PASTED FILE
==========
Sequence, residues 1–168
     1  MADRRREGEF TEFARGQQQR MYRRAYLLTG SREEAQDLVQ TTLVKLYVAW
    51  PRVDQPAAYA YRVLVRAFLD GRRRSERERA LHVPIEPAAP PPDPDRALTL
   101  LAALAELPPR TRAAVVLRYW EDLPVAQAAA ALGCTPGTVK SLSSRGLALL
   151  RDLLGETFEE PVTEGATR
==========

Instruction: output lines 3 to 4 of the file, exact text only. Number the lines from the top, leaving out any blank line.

    51  PRVDQPAAYA YRVLVRAFLD GRRRSERERA LHVPIEPAAP PPDPDRALTL
   101  LAALAELPPR TRAAVVLRYW EDLPVAQAAA ALGCTPGTVK SLSSRGLALL